Monday, August 24, 2009

Indians studying abroad

"Previously, more than 71% of [Indian] students were based in the United States, while a small proportion went to the United Kingdom (8%) and Australia (7.6%). Since 1999, the absolute number of Indian mobile students has tripled, while the proportion of students going to the United States has declined to 56%. Meanwhile, an increased proportion of Indian students are going to Australia, Germany, New Zealand and the United Kingdom."

These are among the findings of Unesco's Global Education Digest (GED) 2009. As a Unesco press release (DOC file) tells us, "In 2007, over 2.8 million students were enrolled in higher educational institutions outside their country of origin, a 53% increase since 1999."

"While China accounts for the greatest number of students abroad (about 421,100), other major countries of origin are India [153,30], the Republic of Korea, Germany, Japan, France, the United States, Malaysia, Canada and the Russian Federation. These ten countries account for 38% of the world’s mobile students among 153 host countries reporting data."

And more and more of these "mobile students" are going to Australia, Canada, France, Italy, Japan, New Zealand and South Africa. For example, "France saw its share of global mobile students grow from 7.4% in 1999 to 8.8% in 2007. Due to global shifts in destinations, the following countries emerged as new popular destinations: China, the Republic of Korea and New Zealand."

And what are they all studying? Business administration (23%), science (15%), engineering, manufacturing and construction (14%), and humanities and the arts (14%).

The data shows a general, global improvement in women's participation in tertiary education. But it should be noted that the gender analysis in the Digest is based on data "from 102 or fewer countries and territories... In particular, data are not available for several high-population countries, such as Bangladesh, Egypt, India, Indonesia and Nigeria."

The Digest says, "India... accounts for 5.5% of the global total of mobile students. Yet, its outbound mobility ratio is very low with only 1 out of 100 tertiary students from the country studying abroad." Meanwhile, only 11% of India's population of tertiary age is in tertiary education; the figure for China is 23%.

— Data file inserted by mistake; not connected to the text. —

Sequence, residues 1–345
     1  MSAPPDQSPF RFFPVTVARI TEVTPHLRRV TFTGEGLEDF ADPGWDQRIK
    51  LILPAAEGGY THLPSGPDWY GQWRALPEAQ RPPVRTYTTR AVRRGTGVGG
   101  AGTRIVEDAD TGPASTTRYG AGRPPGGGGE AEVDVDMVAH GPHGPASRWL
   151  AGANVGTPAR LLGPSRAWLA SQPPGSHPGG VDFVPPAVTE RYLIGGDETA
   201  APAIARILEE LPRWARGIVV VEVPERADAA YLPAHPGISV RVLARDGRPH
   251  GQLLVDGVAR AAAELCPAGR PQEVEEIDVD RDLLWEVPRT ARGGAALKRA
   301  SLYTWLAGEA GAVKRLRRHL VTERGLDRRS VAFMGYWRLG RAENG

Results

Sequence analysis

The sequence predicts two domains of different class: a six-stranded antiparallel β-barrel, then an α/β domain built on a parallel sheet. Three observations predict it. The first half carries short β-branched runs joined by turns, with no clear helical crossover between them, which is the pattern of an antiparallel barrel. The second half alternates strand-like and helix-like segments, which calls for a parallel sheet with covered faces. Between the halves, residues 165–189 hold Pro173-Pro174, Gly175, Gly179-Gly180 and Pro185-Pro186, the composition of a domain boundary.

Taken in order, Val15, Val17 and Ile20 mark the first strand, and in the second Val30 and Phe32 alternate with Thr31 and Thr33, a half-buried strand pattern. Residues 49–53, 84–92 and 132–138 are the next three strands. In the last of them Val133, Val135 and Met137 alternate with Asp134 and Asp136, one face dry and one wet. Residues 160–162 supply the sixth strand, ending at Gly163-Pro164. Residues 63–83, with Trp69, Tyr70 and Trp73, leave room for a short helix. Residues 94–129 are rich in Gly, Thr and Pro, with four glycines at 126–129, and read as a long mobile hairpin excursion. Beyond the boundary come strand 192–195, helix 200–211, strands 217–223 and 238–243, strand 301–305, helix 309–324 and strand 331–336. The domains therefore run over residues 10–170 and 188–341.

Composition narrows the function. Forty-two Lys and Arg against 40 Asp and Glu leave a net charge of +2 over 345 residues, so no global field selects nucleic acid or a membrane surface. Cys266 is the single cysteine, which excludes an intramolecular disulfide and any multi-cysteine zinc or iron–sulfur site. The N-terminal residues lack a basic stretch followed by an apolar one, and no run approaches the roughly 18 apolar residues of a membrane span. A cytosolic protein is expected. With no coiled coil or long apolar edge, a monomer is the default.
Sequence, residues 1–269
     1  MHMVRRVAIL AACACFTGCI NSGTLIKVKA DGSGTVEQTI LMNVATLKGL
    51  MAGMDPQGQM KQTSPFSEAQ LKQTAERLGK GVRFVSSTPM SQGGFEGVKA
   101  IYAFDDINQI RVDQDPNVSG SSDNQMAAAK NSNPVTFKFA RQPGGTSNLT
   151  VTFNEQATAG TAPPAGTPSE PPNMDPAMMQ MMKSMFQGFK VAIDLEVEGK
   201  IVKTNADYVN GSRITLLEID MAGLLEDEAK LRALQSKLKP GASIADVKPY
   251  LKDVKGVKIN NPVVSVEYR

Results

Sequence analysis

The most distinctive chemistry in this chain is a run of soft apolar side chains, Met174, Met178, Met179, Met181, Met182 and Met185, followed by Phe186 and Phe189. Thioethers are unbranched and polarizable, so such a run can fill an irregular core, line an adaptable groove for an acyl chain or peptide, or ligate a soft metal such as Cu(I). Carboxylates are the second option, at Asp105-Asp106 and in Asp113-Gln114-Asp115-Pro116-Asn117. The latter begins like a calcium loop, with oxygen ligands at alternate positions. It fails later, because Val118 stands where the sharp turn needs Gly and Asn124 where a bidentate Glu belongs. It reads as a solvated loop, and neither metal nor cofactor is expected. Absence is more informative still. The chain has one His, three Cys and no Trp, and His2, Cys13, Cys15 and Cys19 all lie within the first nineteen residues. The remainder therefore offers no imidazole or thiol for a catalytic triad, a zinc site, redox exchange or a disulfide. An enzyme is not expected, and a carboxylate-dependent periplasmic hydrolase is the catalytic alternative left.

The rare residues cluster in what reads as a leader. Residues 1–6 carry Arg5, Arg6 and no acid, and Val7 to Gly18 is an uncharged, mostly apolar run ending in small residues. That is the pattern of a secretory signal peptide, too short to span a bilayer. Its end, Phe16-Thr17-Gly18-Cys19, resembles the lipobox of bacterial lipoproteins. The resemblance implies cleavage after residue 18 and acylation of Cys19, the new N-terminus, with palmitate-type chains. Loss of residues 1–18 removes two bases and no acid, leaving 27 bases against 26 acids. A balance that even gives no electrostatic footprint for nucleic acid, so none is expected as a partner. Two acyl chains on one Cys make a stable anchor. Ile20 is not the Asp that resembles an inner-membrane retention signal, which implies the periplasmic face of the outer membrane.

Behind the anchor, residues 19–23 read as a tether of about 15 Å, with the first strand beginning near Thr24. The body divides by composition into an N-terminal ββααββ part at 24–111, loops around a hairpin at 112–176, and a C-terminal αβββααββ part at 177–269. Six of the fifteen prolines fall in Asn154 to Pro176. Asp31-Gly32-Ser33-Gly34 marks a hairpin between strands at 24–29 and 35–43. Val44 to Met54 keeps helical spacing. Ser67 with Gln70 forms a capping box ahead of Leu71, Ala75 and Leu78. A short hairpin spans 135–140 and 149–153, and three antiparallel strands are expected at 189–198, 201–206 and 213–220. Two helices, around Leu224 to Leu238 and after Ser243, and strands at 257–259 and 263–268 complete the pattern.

The Digest concludes that tertiary education systems "that are highly subsidized by governments may cause equity issues in countries where a wide share of the population has no chance to access this education". It goes on to say that, "A well-designed system of private fees and targeted financial assistance for less-advantaged students could contribute to overcoming inequalities in the distribution of students who benefit from tertiary education."

But in countries where tertiary education participation is low, shouldn't the aim be to increase enrolment? And if that is indeed the aim, the alternative to subsidized public education is prohibitively expensive private education. The equity implications of that are much more severe. An informative report with a disappointing recommendation, I thought.

Tuesday, August 11, 2009

National security in education

In an op-ed in The Hindu, "Questions of real national security", scientist and well-known public intellectual Pushpa Bhargava dicusses "agriculture security... education security, and health security". But in his five paragraphs on education, mother-tongue medium education finds no mention at all. This is a pity. Coincidentally, another part of the same newspaper reviews Multilingual Education for Social Justice: Globalising the Local - "a passionate call to respect and enshrine the inalienable right of all the children of the world to learn their languages and through their languages."